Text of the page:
Of course by its nature the ALR restrictions prevent land owners from flipping and developing agricultural properties, and many may say that restrains the property rights of the owners. But there are lots of loopholes that are being exploited, including the development of monster mansions in Richmond on agricultural properties. Price Tags has already reported on the fact that there is no foreign buyers’ tax on these mansions built on…
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New York Times Image-Mansplaining Statue
Alissa Walker is a talented writer, Curbed.com’s Urbanism editor and lives in Los Angeles. In Curbed.com Alissa describes something that women in the planning, architectural or design professions know: despite the fact that roughly fifty per cent of the population are women, that is not reflected in the planning language used to describe place, or indeed the people who are talking, thinking, or writing about planning-they are mostly men. Now there was Jane Jacobs, and New York City’s amazing Janette Sadik-Khan, the former Commissioner of Transportation-but where are the other planning women and why are they not widely championed?
Alissa had been reading four books on gentrification, and found “Not only are these four books by men, they’re largely about men. According to the books themselves, the factors that have contributed to gentrification—displacement of marginalized communities, systemically ingrained racism, unequitable housing policy—have been…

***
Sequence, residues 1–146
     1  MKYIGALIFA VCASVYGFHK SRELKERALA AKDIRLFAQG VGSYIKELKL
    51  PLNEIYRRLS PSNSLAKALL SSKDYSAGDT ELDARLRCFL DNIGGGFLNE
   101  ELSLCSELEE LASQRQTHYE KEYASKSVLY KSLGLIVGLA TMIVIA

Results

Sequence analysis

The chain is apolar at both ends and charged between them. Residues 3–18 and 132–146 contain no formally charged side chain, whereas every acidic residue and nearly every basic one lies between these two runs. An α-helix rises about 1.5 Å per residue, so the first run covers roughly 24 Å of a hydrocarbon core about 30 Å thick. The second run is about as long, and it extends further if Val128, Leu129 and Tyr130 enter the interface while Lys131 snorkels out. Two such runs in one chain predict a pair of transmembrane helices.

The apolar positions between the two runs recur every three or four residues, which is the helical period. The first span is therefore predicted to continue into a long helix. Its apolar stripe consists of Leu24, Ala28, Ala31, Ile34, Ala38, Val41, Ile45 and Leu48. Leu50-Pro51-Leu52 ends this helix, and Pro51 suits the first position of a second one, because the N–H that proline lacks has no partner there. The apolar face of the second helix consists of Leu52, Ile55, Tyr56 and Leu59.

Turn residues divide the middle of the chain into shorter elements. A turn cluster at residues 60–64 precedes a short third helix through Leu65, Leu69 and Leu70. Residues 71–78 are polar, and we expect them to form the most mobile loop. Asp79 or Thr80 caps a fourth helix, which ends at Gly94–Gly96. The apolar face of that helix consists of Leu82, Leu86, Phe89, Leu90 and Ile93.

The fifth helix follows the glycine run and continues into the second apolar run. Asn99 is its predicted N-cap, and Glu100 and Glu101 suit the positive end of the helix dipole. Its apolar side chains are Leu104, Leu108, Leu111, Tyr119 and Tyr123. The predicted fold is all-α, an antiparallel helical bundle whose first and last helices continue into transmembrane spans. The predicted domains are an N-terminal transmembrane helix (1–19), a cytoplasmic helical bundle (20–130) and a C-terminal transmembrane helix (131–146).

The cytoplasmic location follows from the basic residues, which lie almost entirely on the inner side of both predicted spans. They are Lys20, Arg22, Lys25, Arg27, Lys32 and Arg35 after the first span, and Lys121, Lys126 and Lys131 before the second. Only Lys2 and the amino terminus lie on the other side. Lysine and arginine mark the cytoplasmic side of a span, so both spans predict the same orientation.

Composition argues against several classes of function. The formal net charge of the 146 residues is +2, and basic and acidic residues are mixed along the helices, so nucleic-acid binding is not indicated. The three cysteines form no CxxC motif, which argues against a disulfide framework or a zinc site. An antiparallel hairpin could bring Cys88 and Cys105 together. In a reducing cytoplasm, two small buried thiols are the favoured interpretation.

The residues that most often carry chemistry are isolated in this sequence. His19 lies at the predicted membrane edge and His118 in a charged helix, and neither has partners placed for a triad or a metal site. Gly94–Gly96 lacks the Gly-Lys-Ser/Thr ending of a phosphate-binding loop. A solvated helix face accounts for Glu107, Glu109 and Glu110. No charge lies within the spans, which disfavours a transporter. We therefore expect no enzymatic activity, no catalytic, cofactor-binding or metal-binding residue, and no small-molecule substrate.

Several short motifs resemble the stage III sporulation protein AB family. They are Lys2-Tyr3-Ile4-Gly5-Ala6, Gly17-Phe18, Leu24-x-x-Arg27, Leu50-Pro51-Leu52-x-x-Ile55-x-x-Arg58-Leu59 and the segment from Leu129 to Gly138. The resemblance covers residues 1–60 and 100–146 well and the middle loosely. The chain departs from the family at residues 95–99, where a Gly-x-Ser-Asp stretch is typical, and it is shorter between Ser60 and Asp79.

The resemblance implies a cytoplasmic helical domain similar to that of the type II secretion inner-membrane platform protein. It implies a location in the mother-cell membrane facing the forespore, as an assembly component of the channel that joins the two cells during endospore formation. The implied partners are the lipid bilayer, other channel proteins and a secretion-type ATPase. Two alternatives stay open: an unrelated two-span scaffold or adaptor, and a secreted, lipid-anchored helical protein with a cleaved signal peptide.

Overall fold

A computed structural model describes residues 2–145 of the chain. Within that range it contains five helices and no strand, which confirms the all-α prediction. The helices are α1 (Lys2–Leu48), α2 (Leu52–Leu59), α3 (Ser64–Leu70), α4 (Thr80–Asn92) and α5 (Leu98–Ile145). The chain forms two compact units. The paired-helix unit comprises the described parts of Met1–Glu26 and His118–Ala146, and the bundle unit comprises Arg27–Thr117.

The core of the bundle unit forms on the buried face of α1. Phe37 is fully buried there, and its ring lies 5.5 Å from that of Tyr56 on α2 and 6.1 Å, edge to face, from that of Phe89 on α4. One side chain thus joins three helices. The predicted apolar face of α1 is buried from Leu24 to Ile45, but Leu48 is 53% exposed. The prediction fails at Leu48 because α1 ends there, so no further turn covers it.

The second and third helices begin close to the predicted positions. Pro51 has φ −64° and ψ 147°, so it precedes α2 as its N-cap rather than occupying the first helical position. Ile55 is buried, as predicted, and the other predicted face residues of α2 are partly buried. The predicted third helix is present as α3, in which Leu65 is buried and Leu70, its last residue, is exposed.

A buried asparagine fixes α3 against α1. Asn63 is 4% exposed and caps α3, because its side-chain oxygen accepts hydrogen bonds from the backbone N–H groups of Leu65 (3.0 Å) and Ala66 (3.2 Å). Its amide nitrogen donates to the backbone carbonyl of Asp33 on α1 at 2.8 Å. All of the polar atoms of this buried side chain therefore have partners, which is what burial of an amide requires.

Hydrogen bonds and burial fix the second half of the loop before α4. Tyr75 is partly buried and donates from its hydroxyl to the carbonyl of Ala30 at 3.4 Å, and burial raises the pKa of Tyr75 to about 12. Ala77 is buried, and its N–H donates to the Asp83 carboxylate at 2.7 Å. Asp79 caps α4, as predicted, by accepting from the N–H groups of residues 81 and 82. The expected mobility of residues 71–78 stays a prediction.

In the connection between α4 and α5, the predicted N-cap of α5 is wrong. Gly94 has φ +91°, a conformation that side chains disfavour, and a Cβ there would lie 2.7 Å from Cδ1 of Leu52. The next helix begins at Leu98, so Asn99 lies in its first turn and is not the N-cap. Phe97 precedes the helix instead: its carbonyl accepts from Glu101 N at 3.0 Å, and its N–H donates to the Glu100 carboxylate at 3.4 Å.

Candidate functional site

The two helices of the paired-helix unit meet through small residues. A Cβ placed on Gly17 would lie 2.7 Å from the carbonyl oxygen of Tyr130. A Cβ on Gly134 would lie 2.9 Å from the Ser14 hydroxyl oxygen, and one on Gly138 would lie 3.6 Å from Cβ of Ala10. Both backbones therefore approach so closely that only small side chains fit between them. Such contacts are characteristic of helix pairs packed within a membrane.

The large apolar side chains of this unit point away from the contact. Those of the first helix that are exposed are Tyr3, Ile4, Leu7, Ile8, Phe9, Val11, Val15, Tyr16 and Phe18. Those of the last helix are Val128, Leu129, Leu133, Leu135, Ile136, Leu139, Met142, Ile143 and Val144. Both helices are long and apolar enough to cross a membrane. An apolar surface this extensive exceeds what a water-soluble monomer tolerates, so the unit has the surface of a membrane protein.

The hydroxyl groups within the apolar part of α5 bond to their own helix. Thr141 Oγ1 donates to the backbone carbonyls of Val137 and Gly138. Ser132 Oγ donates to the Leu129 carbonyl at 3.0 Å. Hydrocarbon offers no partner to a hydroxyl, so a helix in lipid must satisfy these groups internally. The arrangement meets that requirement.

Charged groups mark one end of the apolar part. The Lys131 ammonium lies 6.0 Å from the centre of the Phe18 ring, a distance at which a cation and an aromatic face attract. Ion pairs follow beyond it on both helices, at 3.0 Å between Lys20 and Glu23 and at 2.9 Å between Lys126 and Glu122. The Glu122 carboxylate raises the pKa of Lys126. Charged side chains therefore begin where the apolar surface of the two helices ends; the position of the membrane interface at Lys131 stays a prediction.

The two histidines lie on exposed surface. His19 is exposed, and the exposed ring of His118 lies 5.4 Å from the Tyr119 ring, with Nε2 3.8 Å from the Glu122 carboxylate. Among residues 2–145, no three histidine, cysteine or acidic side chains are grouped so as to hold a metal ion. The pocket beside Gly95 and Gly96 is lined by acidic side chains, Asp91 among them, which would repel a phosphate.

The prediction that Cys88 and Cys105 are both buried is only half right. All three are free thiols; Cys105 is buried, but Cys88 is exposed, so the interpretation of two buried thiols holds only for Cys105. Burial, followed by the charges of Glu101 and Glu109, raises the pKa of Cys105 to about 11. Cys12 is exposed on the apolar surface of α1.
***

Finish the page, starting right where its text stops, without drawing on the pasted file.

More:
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It’s just the story that keeps on giving. As reported on The Indo Canadian voiceonline, the Corporation of Delta, the Mayor, Council and the Chief Executive Officer want their Massey Bridge and on the August 14 council meeting went through how to decommission the Massey Tunnel. You just can’t make this stuff up. Despite the fact every other municipality in Metro Vancouver has said no to this ten lane overbuilt bridge on the best farmland in Canada, Tsawwassen soldiers on with what they believe is good for themselves-and the region.
Firstly to build up the business case, Delta staff once again reviewed the safety issues in the George Massey Tunnel “including electrical system deficits, deteriorating concrete, damage to sprinkler system, and the ageing ventilation system”. And then the discussion moved to how to get rid of the tunnel, including “potentially flooding the tunnel once the new…